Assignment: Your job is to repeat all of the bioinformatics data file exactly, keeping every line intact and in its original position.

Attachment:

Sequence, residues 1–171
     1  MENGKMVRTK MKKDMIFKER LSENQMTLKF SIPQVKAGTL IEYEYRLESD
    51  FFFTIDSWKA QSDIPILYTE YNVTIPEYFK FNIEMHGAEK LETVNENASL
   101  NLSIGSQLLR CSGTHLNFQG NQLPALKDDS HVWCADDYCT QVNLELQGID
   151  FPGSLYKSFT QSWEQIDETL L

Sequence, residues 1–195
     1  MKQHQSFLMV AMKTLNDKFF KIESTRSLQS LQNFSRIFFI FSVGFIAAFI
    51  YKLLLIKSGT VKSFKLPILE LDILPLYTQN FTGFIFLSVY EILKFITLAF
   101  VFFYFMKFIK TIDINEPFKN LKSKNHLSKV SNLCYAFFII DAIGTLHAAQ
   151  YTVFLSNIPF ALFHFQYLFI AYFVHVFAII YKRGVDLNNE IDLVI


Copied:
Sequence, residues 1–171
     1  MENGKMVRTK MKKDMIFKER LSENQMTLKF SIPQVKAGTL IEYEYRLESD
    51  FFFTIDSWKA QSDIPILYTE YNVTIPEYFK FNIEMHGAEK LETVNENASL
   101  NLSIGSQLLR CSGTHLNFQG NQLPALKDDS HVWCADDYCT QVNLELQGID
   151  FPGSLYKSFT QSWEQIDETL L

Sequence, residues 1–195
     1  MKQHQSFLMV AMKTLNDKFF KIESTRSLQS LQNFSRIFFI FSVGFIAAFI
    51  YKLLLIKSGT VKSFKLPILE LDILPLYTQN FTGFIFLSVY EILKFITLAF
   101  VFFYFMKFIK TIDINEPFKN LKSKNHLSKV SNLCYAFFII DAIGTLHAAQ
   151  YTVFLSNIPF ALFHFQYLFI AYFVHVFAII YKRGVDLNNE IDLVI